Taiwan Bans Vape Sales and Personal Use

Taiwan’s national legislature (Legislative Yuan) banned e-cigarettes yesterday, passing the third reading of a series of amendments to the Tobacco Hazards Prevention Act. The new laws were first proposed last year by the country’s cabinet (Executive Yuan).

Vaping products, classified as “tobacco-like products,” will be strictly prohibited, including sale, manufacture, promotion, import, and even personal use. The amendments will take effect a month after their publication by the government.

The new law provides steep fines for illegal sales, ranging from 10-50 million New Taiwan Dollars (NT), according to the Taipei Times. (Equivalent to about $330,000 to $1.65 million U.S.) Individuals caught vaping face fines of NT2,000-10,000 ($66-330 U.S.).

The legislature did not ban heated tobacco products (HTPs), but tightened regulations on them, making it more difficult for manufacturers to obtain approval for sale. Tax rates on non-combustible tobacco products were also increased, and the legislature banned flavored tobacco products (including cigarettes), and increased the age to purchase tobacco from 18 to 20.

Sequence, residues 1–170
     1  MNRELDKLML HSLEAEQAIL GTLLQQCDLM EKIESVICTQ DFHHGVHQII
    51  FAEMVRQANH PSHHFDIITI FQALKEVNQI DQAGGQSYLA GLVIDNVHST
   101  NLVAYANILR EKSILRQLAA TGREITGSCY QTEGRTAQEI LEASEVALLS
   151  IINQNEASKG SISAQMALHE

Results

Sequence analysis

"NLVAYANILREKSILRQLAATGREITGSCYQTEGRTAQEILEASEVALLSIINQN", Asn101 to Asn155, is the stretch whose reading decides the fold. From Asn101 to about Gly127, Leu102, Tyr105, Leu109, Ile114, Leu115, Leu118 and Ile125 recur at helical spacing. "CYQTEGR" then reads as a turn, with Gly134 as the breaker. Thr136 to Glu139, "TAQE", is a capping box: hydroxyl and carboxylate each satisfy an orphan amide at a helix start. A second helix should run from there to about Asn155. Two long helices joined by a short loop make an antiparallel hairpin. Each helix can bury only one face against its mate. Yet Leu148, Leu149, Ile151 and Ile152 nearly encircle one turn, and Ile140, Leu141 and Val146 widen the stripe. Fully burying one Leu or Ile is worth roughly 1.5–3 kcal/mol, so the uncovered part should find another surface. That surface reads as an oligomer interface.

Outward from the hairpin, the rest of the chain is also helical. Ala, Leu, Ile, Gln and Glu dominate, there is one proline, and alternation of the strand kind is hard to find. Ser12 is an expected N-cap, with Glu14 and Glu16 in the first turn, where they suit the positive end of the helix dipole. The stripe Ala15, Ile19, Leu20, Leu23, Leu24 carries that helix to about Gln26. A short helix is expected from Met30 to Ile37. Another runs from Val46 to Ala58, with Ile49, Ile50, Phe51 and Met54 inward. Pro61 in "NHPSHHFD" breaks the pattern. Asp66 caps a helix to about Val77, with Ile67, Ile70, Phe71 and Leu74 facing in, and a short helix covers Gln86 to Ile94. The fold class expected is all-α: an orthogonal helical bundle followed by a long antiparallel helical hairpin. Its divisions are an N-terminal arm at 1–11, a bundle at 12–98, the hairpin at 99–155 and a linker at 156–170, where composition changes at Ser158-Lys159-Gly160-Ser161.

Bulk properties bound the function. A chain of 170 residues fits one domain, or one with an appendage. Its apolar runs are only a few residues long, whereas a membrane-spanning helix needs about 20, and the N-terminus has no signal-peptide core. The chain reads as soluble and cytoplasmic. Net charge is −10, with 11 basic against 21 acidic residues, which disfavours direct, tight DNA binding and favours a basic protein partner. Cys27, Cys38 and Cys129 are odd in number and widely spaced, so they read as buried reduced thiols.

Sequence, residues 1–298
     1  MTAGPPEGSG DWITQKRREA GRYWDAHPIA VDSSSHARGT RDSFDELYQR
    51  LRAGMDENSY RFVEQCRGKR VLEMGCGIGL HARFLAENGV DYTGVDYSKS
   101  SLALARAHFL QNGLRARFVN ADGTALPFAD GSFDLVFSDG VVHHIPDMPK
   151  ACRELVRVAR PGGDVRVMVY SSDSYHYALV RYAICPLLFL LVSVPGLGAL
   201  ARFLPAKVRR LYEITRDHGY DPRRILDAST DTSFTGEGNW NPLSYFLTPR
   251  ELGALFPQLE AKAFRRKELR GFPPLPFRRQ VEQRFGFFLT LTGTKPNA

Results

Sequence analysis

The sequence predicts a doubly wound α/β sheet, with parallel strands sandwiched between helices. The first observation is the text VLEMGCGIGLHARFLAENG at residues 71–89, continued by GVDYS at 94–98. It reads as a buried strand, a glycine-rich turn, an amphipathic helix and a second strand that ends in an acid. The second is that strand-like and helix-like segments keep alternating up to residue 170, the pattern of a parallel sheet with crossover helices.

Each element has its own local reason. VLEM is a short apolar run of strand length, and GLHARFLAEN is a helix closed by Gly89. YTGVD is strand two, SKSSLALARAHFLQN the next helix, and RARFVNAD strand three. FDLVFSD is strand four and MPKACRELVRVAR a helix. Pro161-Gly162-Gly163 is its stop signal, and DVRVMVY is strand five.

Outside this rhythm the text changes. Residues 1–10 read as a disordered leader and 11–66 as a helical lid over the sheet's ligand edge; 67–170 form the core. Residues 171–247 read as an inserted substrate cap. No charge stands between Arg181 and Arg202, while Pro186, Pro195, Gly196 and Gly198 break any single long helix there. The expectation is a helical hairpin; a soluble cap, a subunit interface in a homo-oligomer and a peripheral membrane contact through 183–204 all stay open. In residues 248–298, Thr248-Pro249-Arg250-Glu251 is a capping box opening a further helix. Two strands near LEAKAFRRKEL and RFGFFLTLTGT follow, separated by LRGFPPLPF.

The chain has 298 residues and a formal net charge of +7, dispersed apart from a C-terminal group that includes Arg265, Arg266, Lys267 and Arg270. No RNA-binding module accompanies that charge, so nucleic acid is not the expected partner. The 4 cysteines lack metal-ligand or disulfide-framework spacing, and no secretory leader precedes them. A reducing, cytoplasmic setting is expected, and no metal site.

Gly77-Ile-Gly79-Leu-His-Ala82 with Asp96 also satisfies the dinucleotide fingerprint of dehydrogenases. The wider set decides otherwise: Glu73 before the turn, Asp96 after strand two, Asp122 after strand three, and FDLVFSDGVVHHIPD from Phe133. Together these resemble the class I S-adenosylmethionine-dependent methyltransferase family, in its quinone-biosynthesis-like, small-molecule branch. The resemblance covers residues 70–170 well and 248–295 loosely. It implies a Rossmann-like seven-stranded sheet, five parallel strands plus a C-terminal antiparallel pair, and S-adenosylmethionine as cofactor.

Outright vape bans are common in Asia, where governments often slavishly follow the recommendations of the World Health Organization and its Bloomberg Philanthropies-funded allies.

Taiwan, officially called the Republic of China (ROC), is an island nation 100 miles off the east coast of the mainland People’s Republic of China (PRC). Taiwan has a population of about 24 million, of which about 19 percent of adults are believed to smoke. However, it is difficult to find reliable and current smoking and tobacco use estimates because most organizations that gather such data don’t recognize Taiwan as a country. World Health Organization (a United Nations agency) health statistics lump Taiwan with the PRC. (The PRC claims Taiwan is a breakaway province and not a sovereign nation, and Taiwan is not recognized by the UN or most countries.)